Eventually, our drunk duo starts dancing, and the music is loud. “What can the morality police do to us? They’ll make us marry!,” they joke, laughing around, deciding right there and then that they will spend what’s left of their lives together, as they’ve earned the right to be free from the constraints of a misogynistic society. It’s a fairytale, of course, because it’s a lot more complex than that, and we know it just as well as our protagonists do, but watching them reclaim their happiness is such a liberating, rewarding experience.

Mahin and Faramarz are adorable, and we could spend hours and hours watching them be their wonderful selves. They also share the same sense of humor, which is the same as the film’s, as My Favourite Cake is filled to the brim with hilarious jokes and clever lines that make the film such an unforgettable experience. And Lily Farhadpour and Esmail Mehrabi inhabit their characters with such ease and authenticity that it’s as if we were right there with them, witnessing the magic in real time.

In their statement for the film, directors Maryam Moghaddam and Behtash Sanaeeha share that their country’s beliefs “forbid writers, filmmakers, and all storytellers from depicting the true lives of Iranian women behind closed doors,” and they explain their desire to make a film “in praise of women, life, and freedom.” They write that they’re aware of “crossing the red lines” with their story, adding that they “accept the consequences of this choice.” And some of these consequences have already taken place, as, on their way to the Berlin Premiere of their film, Moghadam and Sanaeeha were stopped at the airport, their passports detained, and they are currently facing a court trial in Iran.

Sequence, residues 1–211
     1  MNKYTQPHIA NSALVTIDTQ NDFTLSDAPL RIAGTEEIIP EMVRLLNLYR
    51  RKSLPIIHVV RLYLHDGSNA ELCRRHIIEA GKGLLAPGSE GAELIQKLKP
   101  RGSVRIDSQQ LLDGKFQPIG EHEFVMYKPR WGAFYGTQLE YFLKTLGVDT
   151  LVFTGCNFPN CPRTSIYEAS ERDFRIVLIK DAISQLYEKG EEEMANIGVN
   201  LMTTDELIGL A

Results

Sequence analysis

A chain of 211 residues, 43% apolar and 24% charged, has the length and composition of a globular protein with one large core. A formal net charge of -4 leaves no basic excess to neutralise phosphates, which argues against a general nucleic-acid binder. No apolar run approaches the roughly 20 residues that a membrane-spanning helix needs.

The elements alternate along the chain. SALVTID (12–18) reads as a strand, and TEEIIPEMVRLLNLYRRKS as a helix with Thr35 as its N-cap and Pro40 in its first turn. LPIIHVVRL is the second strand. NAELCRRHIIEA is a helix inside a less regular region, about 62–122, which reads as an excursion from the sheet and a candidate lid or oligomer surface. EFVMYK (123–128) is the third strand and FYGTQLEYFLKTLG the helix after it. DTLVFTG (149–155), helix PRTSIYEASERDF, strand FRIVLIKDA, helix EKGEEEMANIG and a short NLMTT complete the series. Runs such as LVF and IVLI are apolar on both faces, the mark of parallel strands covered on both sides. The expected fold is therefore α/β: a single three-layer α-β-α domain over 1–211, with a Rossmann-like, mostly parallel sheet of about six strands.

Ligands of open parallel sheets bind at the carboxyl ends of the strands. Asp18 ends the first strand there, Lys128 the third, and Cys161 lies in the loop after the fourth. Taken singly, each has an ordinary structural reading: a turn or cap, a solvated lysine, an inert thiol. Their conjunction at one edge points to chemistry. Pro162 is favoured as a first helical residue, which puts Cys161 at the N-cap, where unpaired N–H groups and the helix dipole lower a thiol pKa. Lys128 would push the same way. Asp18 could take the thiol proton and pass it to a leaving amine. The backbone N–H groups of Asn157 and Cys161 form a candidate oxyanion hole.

When a filmmaker believes in something so strongly that they’re ready to risk it all for something as simple as telling a story, we owe it to them to listen. And My Favourite Cake is not as much a love story as it is a story about love: the love that Mahin one day decides to reclaim for herself, the love for a life that doesn’t need to be over after a tragedy, and the love that Moghadam and Sanaeeha share for Iranian women in the film. My Favourite Cake is a story that absolutely needs to be told: the heartwarming, hilarious, sweet, devastating, tragic tale of a woman who one day dares to be free.

My Favourite Cake premiered at the 2024 Berlin Film Festival. Read our Berlin Film Festival reviews and our list of 20 films to watch at the Berlin Film Festival!